Yesterday, the President signed a third COVID-19 economic relief package into law, allocating a fresh $900 billion to aid programs spanning multiple sectors. Included among the provisions to grant additional stimulus checks and extend additional unemployment benefits, is an additional $284 billion for the Paycheck Protection Program (“PPP”) created by the first Coronavirus Aid, Relief, and Economic Security Act (“CARES Act”) earlier this year.
The new bill is expected to provide funding for businesses that did not receive PPP funding earlier this year, as well as those that received a PPP loan previously. It lowers the threshold to qualify from 500 employees or fewer to 300 employees or fewer, and reduces the maximum loan amount from $10 million to $2 million. Businesses that received a PPP loan earlier this year would also be eligible for a second loan, provided that they meet the new reduced employee threshold, and saw 2020 revenues decline by 25% when compared to the equivalent quarters in 2019. Borrowers may still select their preferred pay period (8 or 24 weeks) per the original program and can have loans fully forgiven if 60 percent of their loan is spent on payroll costs. The new bill also sets aside $12 billion to be directed toward Minority Depository Institutions and Community Development Financial Institutions.
The bill also aims to clarify provisions of the existing PPP. Specifically, it simplifies the loan forgiveness process for loans of $150,000 or less. The bill also makes clear that insurance costs can be calculated as part of payroll costs, and it enables borrowers that have already returned all or part of their original loan to reapply for their applicable maximum loan amount. Additionally, Economic Injury Disaster Loan advances no longer need to be deducted from PPP loan forgiveness amounts. The new bill also clarifies that tax deductions are permissible for deductible expenses paid for with PPP funds, and that forgiven PPP loans will not count as income.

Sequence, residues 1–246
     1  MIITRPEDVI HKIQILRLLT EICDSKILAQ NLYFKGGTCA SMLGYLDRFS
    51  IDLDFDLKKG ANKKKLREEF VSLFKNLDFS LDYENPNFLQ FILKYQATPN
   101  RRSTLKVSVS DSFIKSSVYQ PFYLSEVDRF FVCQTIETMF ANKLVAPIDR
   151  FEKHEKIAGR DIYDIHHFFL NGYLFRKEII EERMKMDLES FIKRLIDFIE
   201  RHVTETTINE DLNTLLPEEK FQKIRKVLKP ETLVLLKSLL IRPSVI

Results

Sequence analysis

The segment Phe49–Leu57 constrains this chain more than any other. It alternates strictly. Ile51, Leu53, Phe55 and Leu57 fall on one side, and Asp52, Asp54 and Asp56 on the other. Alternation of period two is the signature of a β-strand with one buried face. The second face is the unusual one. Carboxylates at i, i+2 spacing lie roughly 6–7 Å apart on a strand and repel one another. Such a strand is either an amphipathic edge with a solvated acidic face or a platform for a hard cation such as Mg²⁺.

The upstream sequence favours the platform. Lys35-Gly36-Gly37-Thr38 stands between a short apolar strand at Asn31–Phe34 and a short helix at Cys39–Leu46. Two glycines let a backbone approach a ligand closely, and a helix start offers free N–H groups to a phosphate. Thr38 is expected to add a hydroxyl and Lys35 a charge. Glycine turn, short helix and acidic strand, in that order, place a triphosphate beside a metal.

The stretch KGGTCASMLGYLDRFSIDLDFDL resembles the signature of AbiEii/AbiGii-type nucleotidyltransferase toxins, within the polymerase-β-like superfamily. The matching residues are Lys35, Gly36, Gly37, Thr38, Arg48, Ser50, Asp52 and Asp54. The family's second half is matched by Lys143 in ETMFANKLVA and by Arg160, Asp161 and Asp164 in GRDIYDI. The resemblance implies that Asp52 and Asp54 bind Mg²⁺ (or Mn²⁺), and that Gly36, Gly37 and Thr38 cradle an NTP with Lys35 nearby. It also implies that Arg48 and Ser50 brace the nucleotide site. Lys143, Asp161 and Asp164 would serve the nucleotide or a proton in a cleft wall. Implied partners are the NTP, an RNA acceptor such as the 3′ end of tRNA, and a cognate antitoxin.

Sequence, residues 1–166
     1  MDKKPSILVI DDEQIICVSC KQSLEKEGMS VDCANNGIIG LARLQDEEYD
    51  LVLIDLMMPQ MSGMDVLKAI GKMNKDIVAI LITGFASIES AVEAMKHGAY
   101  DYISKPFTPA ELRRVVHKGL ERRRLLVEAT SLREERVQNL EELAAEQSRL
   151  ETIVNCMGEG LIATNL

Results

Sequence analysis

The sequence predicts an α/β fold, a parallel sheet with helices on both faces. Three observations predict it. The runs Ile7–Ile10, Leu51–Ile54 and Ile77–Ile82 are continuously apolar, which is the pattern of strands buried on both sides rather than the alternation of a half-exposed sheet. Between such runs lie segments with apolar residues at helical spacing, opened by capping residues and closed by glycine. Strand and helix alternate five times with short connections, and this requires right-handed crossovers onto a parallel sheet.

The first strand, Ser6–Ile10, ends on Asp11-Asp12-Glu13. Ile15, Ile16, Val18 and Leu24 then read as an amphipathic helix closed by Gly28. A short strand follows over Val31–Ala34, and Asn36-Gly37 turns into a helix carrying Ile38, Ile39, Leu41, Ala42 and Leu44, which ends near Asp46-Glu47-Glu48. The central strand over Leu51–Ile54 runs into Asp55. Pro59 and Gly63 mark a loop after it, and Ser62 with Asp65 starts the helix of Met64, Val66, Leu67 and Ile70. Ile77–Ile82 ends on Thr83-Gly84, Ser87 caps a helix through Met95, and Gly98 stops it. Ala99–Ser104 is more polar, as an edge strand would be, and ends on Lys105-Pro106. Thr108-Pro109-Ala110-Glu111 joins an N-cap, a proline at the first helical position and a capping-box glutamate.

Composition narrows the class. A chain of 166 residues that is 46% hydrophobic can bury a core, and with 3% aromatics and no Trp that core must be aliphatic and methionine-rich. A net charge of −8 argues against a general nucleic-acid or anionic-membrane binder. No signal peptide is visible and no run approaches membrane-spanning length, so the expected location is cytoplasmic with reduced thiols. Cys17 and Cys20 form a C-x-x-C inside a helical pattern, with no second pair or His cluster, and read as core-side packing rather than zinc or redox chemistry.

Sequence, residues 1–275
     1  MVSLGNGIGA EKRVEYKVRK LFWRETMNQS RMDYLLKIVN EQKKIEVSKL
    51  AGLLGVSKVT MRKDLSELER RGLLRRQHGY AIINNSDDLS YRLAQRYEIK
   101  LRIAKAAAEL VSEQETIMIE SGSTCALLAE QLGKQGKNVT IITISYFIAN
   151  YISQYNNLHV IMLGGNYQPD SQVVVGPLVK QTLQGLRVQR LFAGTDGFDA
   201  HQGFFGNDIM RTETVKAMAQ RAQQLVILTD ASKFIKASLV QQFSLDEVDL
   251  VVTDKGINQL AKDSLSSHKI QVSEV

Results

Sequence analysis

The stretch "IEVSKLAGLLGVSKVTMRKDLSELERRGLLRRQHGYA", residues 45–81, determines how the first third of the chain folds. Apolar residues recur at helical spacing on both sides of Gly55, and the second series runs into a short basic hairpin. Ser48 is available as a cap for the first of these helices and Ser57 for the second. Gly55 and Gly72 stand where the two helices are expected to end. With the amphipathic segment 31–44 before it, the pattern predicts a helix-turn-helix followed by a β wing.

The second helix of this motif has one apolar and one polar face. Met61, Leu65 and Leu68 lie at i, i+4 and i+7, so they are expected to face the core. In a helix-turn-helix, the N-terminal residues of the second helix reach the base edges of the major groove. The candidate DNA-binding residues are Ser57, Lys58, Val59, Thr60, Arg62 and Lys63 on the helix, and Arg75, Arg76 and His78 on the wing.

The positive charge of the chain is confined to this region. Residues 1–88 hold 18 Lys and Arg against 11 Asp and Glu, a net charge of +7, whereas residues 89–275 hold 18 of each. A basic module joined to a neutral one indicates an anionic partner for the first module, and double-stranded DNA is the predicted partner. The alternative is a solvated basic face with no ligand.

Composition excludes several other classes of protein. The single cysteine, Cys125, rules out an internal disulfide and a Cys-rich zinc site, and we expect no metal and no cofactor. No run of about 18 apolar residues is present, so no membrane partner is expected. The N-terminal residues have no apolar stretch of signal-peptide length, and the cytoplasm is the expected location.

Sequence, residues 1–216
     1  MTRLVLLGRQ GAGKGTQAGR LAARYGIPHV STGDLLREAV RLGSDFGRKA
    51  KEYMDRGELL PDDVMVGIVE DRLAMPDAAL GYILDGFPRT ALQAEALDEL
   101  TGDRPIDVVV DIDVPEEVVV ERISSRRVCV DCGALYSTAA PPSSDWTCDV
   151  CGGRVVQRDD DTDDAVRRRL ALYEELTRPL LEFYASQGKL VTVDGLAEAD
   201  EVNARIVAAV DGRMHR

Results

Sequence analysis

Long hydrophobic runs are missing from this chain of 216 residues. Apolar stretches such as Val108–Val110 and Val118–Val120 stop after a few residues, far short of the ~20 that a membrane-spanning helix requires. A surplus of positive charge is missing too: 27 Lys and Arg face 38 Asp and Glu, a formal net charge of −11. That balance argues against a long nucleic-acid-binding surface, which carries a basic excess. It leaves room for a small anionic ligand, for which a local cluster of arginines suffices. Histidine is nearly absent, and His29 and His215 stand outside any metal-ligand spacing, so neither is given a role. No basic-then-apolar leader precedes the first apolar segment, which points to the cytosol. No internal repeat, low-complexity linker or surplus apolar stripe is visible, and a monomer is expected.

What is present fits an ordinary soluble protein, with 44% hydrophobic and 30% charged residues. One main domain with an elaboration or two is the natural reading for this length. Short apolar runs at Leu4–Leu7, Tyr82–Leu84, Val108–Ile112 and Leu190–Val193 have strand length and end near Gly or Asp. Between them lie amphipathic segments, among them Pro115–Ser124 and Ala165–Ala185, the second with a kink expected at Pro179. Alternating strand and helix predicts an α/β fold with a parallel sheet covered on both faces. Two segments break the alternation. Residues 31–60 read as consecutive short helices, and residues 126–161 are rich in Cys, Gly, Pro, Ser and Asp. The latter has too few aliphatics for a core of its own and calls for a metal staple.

The new bill also extends the Pandemic Unemployment Assistance program and the Pandemic Emergency Unemployment Compensation program for up to 11 weeks. Each closes to new applicants on March 14, but continues through April 5 for existing claimants who have not yet reached the maximum number of weeks.
The content of this post is for informational purposes only and should not be construed as legal advice or legal opinion. You should consult a lawyer concerning your specific situation and any specific legal question you may have.